Author: Emily Paull

Emily Paull is a former bookseller, and now works as a librarian. Her debut book, Well-Behaved Women, was released by Margaret River Press in 2019.
A Solitary Walk on the Moon

Book Review: A Solitary Walk on the Moon explores our failure to connect, but it won’t be for everyone

July 1, 2022

Evelyn owns a laundromat in the Melbourne CBD. She surveys her community, making internal observations about the people she sees; the elderly man in the dapper suit who seems to be getting more forgetful, the young man with the new puppy at the park every morning, the tattooed couple who argue constantly. Evelyn notices everything, […]

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Book Review: The Woman in the Library attempts to solve the mysteries of the mystery genre

June 28, 2022

Best known for her Rowland Sinclair mystery series, Snowy Mountains-based author Sulari Gentill has published her latest standalone mystery. Titled The Woman in the Library, the book uses an unusual format to tell two stories at once. Gentill’s fictional counterpart Hannah Tigone is writing her latest book about four strangers who meet in the Reading Room […]

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Book Review: All’s Well tackles Shakespeare’s ‘problem play’ alongside an exploration of chronic pain

June 3, 2022

Mona Awad‘s latest novel, All’s Well, tackles one of William Shakespeare‘s lesser known works. All’s Well That Ends Well is considered a ‘problem play’, not least because it sees its heroine, Helen, performing what was known as a ‘bed trick’ to consummate her marriage to her estranged husband, Bertram. But, the protagonist of Awad’s All’s Well […]

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The Silence of Water

Book Review: Sharron Booth’s debut The Silence of Water brings convict history of WA to life

May 27, 2022

In 1906, Frances (Fan) Johnson moves from Adelaide to Fremantle with her family so that her mother, Agnes, can take care of her estranged father. Edwin Salt has been thrown out by his wife, Annie, and everyone believes that he does not have much longer to live. Though Agnes is estranged from her mercurial and […]

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Love Marriage

Book Review: Home is where the heart is in Monica Ali’s first novel in a decade, Love Marriage

May 26, 2022

Love Marriage is the fourth novel from Booker Prize shortlisted author, Monica Ali; and her first novel in a decade. It is the story of Yasmin, an English doctor whose family are of Indian Muslim heritage, and her engagement to obstetrician Joe. Race, class, religion and gender all play major parts in the unfolding of […]

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The Winter Dress

Book Review: Lauren Chater’s The Winter Dress brings the Dutch Golden Age to life

April 22, 2022

Shipwrecks, court fashions and the Dutch art trade of the 17th Century take centre stage in Lauren Chater’s third historical novel, The Winter Dress. Chater was inspired by a shipwreck discovered in 2014 off the island of Texel, containing a dress perfectly preserved underwater for four hundred years. The dress was later found to have belonged […]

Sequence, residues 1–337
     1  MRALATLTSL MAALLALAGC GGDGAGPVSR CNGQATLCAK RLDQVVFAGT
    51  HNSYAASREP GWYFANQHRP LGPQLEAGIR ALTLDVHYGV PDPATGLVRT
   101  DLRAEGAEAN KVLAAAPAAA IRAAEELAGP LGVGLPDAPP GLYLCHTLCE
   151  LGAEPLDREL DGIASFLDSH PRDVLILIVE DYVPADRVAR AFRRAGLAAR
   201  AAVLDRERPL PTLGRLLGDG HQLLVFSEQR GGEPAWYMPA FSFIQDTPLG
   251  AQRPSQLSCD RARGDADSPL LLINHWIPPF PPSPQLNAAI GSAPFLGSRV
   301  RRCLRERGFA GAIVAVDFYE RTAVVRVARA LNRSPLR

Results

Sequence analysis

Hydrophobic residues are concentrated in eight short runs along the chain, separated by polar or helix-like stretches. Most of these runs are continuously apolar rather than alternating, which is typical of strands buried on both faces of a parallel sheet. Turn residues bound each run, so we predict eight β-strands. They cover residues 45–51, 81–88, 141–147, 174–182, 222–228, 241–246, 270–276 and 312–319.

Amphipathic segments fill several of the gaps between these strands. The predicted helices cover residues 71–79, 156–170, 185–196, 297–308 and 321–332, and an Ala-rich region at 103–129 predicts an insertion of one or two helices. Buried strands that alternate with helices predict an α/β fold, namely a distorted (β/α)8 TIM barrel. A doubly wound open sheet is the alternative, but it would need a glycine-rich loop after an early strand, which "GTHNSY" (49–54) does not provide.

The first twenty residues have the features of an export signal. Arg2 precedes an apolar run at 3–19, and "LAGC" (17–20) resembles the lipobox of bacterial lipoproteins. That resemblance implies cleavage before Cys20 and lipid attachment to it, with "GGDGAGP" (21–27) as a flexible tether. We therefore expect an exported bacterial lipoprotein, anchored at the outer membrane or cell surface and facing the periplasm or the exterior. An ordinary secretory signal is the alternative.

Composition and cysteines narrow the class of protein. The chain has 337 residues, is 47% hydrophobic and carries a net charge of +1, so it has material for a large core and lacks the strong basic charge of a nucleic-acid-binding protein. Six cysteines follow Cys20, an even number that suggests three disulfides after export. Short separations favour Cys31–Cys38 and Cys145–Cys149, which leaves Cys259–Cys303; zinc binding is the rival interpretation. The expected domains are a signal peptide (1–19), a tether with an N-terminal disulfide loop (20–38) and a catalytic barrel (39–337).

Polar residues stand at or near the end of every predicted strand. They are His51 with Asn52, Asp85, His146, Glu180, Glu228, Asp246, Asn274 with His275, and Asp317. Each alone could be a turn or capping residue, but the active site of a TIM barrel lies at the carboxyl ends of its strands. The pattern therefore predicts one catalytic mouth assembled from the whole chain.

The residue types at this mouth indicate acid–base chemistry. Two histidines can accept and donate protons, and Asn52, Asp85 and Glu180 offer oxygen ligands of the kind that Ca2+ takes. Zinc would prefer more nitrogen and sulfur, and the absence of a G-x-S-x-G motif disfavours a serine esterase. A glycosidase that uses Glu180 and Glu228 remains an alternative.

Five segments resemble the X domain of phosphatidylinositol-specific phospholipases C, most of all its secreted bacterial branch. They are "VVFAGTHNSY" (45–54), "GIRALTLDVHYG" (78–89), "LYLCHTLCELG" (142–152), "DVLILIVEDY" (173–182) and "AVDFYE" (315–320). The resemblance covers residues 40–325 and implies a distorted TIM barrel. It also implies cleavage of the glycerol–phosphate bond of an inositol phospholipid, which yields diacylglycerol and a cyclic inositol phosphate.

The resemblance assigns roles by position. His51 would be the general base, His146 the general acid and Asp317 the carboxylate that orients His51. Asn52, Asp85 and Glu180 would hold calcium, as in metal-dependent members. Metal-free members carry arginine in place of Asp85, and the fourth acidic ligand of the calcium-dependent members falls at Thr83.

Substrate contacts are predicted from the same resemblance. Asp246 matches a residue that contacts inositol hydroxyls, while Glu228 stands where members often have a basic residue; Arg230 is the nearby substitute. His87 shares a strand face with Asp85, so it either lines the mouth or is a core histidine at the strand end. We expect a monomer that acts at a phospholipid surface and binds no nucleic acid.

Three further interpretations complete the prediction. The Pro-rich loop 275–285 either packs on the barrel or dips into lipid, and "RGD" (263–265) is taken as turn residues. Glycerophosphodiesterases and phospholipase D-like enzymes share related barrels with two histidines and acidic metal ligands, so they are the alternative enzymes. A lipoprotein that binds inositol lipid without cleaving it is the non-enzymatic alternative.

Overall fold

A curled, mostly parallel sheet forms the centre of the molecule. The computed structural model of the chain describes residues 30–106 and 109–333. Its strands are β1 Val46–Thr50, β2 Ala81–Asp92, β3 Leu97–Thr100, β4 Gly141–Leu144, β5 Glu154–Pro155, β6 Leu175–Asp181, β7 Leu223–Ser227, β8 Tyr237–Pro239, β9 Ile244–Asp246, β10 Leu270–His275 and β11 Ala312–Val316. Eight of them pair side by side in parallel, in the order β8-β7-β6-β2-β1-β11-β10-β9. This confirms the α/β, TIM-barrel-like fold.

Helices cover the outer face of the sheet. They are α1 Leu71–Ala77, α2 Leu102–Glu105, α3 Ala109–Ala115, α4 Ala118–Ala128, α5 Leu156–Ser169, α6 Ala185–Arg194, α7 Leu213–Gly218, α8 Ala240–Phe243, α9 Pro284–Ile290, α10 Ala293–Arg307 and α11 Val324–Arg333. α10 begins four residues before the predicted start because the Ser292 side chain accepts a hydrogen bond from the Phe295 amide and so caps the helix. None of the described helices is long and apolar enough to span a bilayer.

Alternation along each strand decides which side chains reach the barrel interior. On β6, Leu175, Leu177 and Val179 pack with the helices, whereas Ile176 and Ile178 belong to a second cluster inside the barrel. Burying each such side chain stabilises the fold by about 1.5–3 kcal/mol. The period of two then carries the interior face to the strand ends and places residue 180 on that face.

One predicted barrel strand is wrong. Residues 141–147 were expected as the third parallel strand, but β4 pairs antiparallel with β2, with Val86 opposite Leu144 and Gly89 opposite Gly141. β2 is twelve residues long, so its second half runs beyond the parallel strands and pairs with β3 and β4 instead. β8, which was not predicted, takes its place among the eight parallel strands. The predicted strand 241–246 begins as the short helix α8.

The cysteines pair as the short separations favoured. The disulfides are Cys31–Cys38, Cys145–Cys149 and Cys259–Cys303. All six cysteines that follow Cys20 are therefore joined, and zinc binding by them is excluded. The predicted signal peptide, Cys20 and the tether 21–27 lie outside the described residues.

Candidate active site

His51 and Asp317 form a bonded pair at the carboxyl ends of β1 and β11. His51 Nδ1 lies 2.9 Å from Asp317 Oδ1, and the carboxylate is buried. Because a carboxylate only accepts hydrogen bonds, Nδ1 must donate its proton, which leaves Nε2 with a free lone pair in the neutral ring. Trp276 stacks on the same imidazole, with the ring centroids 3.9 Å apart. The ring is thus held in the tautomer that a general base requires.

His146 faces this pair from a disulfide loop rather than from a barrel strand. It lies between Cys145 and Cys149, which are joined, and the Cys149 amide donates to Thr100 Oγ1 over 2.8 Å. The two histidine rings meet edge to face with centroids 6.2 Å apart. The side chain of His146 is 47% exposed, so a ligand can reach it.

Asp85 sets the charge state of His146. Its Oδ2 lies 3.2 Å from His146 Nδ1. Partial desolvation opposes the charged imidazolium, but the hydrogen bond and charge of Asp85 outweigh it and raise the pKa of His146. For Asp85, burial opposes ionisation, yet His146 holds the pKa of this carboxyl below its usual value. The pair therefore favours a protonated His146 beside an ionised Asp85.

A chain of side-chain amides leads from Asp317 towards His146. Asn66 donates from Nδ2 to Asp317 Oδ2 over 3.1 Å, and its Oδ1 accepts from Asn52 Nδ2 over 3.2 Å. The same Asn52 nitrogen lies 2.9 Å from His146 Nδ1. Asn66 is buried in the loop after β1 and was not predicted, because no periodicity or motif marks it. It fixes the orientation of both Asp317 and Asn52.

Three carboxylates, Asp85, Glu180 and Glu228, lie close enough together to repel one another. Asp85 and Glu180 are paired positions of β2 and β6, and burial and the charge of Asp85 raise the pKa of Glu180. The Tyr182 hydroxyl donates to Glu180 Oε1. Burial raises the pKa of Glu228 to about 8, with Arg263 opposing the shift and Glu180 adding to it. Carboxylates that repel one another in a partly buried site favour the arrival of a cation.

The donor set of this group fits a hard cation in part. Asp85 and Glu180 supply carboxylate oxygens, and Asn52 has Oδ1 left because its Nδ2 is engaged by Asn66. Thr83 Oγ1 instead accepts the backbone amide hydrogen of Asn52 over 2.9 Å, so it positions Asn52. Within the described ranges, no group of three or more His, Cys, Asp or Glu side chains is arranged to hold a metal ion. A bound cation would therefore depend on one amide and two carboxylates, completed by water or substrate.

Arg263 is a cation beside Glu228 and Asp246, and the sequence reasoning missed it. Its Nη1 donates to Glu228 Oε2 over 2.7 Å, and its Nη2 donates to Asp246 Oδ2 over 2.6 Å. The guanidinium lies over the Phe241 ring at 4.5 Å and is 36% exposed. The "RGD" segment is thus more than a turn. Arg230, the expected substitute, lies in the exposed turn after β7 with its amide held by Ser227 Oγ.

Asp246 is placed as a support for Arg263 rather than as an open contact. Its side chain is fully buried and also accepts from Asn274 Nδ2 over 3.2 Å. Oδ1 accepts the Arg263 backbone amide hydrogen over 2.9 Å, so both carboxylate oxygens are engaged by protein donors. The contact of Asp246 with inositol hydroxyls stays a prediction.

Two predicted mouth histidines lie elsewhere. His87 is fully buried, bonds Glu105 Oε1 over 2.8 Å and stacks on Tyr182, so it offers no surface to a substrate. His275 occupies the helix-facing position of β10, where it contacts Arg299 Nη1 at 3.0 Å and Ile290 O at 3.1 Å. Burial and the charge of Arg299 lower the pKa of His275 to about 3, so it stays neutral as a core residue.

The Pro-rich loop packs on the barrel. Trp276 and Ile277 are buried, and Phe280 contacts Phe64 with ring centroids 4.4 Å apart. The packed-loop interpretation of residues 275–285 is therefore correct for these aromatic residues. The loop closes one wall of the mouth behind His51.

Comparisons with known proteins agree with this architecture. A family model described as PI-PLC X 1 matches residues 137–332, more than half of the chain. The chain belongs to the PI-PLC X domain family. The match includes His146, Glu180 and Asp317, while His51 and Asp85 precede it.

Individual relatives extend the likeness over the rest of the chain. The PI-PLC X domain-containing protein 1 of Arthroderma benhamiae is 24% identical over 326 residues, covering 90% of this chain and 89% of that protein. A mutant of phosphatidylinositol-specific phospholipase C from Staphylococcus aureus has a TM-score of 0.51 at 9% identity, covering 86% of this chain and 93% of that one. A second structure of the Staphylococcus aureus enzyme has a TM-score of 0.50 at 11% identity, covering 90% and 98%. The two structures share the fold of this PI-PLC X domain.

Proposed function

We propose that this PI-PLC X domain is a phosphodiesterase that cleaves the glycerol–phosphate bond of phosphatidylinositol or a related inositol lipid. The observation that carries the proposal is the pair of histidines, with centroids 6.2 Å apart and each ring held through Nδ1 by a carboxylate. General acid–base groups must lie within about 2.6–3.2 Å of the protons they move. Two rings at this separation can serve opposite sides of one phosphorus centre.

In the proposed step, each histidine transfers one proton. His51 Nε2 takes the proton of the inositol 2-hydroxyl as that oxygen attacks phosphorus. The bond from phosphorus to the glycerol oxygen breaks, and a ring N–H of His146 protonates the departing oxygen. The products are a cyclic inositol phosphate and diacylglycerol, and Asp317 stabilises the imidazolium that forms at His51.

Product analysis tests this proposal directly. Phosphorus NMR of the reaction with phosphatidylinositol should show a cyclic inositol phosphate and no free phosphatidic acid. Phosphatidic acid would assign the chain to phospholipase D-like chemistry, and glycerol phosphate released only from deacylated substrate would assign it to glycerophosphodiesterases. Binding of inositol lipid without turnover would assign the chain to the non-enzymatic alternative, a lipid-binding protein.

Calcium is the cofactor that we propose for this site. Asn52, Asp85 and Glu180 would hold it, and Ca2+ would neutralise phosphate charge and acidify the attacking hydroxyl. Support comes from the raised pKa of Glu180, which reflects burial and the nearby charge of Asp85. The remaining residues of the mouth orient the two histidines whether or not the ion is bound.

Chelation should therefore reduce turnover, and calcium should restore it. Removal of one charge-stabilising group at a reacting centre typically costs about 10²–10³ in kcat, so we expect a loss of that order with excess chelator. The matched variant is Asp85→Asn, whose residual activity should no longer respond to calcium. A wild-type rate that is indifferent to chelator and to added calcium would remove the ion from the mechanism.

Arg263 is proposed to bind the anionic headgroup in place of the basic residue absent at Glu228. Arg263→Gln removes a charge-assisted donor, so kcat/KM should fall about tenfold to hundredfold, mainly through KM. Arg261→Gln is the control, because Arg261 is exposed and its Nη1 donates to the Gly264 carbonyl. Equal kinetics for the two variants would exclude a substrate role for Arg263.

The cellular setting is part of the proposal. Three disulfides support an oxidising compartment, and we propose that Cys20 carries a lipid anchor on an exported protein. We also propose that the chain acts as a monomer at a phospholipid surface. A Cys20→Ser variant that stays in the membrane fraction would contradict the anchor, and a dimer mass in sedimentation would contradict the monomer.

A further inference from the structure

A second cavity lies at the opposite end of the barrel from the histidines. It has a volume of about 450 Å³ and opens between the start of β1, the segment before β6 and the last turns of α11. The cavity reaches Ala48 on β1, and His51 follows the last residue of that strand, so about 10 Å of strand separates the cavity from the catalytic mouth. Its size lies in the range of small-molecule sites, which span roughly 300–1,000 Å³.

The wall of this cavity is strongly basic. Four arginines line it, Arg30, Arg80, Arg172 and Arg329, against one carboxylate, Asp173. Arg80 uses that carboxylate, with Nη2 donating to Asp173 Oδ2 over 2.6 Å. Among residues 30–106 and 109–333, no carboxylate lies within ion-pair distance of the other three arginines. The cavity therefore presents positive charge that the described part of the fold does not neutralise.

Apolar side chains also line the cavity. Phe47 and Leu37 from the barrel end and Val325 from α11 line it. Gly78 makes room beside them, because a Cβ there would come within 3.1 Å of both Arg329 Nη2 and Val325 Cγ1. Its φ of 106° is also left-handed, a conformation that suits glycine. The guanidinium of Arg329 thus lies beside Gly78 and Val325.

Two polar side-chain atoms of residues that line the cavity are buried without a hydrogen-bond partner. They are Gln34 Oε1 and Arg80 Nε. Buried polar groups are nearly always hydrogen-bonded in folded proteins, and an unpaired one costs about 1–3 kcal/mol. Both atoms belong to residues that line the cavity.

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Dinner with the Schnabels

Book Review: Toni Jordan’s Dinner With The Schanbels is a charming novel about life post-lockdown

April 21, 2022

If you thought it was too soon for a pandemic novel, you might just be put off by the premise of Toni Jordan’s newest book, Dinner with the Schnabels…don’t be! Known for her versatility across both the contemporary and historical genres, the Melbourne-based novelist has just published her first novel with Hachette. Schnabels follows down-on-his-luck former-architect Simon […]

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Moonlight and the Pearler's Daughter

Book Review: High seas rescue in the far North of WA in Lizzie Pook’s Moonlight and the Pearler’s Daughter

April 20, 2022

Lizzie Pook’s debut novel, Moonlight and the Pearler’s Daughter, takes us to the fictional pearling town of Bannin Bay in the North of Western Australia. The year is 1896, and those who own fleets of pearling luggers – those such as Eliza Brightwell’s father – rule the town. But when Eliza goes to meet her father […]

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If You're Happy

Book Review: Fiona Robertson’s debut collection If You’re Happy explores lives that are anything but

March 24, 2022

“They are having sex when the wind starts up, whispering and sighing outside.” So opens the first story in Fiona Robertson‘s Glendower Award-winning collection, If You’re Happy. The University of Queensland Press team are no strangers to publishing powerful short fiction that challenges the conventions of the form in this country; counting among their authors […]

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The School Teacher of Saint-Michel

Book Review: The School Teacher of Saint-Michel is an inspiring fictionalisation of real wartime resistance acts

March 18, 2022